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Games Women Play to Avoid Asserting Themselves

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Since Thanksgiving is right around the corner, I wanna talk about the five games that women often play to avoid asserting themselves.

Since the holidays are approaching, you might be triggered. This is something that I’m noticing within myself. You might be triggered if you’re hosting Thanksgiving and you feel the obligation of cooking, or maybe family’s gonna be in town, or you’re single and you’re tired of people wondering why you’re not married yet, when are you gonna have a baby, or whatever it is.

Because of that, women like us can often go into this game playing rather than speaking from a place of confidence and power and speaking in a way that’s going reach people rather than repel them.

I have my five cards here… the games that women play to avoid asserting themselves. They come from a book called The New Assertive Woman by Lynn Bloom and some other authors, Karen Coburn and Joan Pearlman. 

I found this book at an estate sale. I was in the basement rummaging through the books because I love estate sales, and I looked at the back and it was really chapter three that intrigued me.

If you decide to read this book, I haven’t finished all of it. It’s very white-woman centric and it was written in the ’70s, so you’ll want to separate the good from the bad and adhere to what’s good.

Let’s go ahead and get into it.

Number one. Do you identify yourself as the sufferer? The sufferer is a woman who does what everyone refuses to do and then resents it. She puts other people before her and subordinates basically her own desires and feels like no one does for me, I’m doing it for everyone else, dah, dah, dah, dah, dah. Is that you? That’s the sufferer.

The second game that women play is called uninvolved. The uninvolved woman will say something like, “you know, whatever you want to do. It doesn’t really matter to me.”

For example, let’s say that some guy calls you up and wants to go to the movies but you have plans after work to wash your hair, to get some food and maybe go to the gym, and so he’s asking you and he’s like, well hey how about we go see a western movie and you don’t even like westerns, but you’re like “yeah okay, whatever, it’s fine.” You’re not really enthusiastic about it.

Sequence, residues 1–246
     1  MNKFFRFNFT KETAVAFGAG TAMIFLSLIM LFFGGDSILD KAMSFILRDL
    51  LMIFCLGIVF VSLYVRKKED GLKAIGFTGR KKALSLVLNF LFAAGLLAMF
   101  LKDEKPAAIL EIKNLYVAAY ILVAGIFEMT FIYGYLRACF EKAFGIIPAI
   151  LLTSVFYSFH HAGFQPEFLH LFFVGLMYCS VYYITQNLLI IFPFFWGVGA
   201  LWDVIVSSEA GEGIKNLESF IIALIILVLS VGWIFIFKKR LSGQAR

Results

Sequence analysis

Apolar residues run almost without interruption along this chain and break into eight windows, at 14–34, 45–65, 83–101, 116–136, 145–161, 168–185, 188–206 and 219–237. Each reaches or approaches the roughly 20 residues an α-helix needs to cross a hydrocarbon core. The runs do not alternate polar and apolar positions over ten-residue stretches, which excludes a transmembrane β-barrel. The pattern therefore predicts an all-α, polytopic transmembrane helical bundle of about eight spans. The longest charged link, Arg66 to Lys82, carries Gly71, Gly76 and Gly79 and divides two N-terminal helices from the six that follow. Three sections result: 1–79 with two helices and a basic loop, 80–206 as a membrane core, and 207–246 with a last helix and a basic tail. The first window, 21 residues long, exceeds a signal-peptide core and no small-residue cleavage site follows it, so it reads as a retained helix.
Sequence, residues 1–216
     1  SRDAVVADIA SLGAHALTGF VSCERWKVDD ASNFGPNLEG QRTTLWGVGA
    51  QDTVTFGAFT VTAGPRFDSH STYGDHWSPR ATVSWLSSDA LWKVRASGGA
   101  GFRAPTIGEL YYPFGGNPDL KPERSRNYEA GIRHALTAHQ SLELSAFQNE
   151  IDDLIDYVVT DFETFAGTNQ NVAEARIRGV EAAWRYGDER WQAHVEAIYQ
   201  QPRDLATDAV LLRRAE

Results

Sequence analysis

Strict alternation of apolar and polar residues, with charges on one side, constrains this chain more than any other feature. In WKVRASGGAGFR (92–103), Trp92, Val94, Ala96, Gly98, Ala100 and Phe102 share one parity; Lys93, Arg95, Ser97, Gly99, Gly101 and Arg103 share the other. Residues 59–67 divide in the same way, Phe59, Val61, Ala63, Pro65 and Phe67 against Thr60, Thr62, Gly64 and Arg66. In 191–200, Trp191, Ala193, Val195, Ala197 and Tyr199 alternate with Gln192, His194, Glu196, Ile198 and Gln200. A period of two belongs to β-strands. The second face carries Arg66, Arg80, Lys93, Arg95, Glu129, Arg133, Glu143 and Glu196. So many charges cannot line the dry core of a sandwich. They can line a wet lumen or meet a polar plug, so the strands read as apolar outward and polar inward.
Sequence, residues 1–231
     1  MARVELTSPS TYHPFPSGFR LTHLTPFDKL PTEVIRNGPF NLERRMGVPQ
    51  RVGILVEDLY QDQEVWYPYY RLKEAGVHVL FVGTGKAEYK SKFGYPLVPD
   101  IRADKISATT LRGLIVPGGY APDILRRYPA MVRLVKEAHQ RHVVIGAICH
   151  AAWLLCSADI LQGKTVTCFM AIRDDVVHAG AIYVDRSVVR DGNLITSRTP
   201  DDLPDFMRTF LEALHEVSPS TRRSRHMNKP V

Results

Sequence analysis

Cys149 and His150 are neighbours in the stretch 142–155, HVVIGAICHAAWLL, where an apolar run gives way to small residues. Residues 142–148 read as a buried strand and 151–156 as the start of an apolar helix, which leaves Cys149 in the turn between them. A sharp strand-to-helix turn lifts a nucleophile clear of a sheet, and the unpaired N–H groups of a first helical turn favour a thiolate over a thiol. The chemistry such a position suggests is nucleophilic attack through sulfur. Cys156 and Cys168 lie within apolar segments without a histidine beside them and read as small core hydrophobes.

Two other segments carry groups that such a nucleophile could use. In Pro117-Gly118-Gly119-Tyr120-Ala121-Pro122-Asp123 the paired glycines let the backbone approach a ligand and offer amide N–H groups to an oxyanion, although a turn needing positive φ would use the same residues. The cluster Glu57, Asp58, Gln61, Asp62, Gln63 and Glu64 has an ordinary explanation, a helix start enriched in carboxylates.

So, if you can identify with that, if you can identify with “well it doesn’t matter to me, whatever you want do,” you’re playing the uninvolved game, which means that you’re avoiding asserting yourself in what you want.

Oftentimes that can happen because women don’t want to seem antagonistic to another person.

The third game that women play, this is called The Wet Blanket. According to the author, the Wet Blanket usually says, “I won’t fight you, but I won’t give you the satisfaction either.” She hopes that people will recognize her disapproval and then plead with her so she tells them how they might accommodate her.

The book gives an example of a mother living with her son and daughter-in law. The daughter-in-law wants to decorate and she’s like, “I’m thinking about getting new pillow cases.”

The mom is like, “If it’s cotton they’ll shrink and get dirty. Are you gonna put it on the floor? If so, they’ll lose their appeal.”

The Wet-Blanket just kind of like not giving people their props. That’s what the wet blanket is. You’re just kind of in the middle.

The fourth game that women play is called The Saboteur. “If I don’t get what I want, you better watch out because I might get even.” Or, “I’ll give you what you want right now and I’ll silently accept this request, but best believe I’m coming for you on the back end.”

Her mindset, her game plan, is all about making people pay. Making people pay instead of talking about the problem. Do you identify with that?

How might this come up as the holiday season is approaching?

And then the last game is called The Seductress. “Poor little me needs big ole handsome strong you.” The seductress uses her sexual prowess for nonsexual acts. Basically, to get what she wants without again being clear.

All of these games that women play are about hinting and hoping and not coming from this place of powerful, feminine communication.

Which one do I see myself as? Which one can I identify with? Well, depending on the time of the day, definitely The Saboteur, The Sufferer, not The Wet blanket because I give people props.

My own pattern has been, like “I’m doing a lot. Why’s everyone asking me to do all of this?” I noticed that I got into the mindset, especially now because my mom is here visiting for two weeks.

If your mom is still around, you can just imagine the friction that can happen upon arrival,… the “oh your hair is not right or whatever it is,” and so I found myself becoming really tense and really stressed.

I found myself in the sufferer mode and I had to ask myself, “how is God using me in this moment to love an imperfect person?”

That is something that I have to ask myself often, especially as a married woman, as a daughter, as a sister, etc.

This is what I want you to ask yourself. You have a twofold assignment.

#1: Which one of these games do you identify with? Are you The Sufferer? Are you The Uninvolved? Are you the Wet Blanket? Are you The Saboteur, or are you The Seductress, so identify that.

#2: Then, I want you to get clear on what is the outcome that you want. You’ll know how this shows up in your body. Decide the outcome that you want and then you want to act in a way that’s going to be favorable to that outcome.

For me, so that I don’t go into the saboteur, it’s all about how is God using me in this moment to love an imperfect person?

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To your enhancement,


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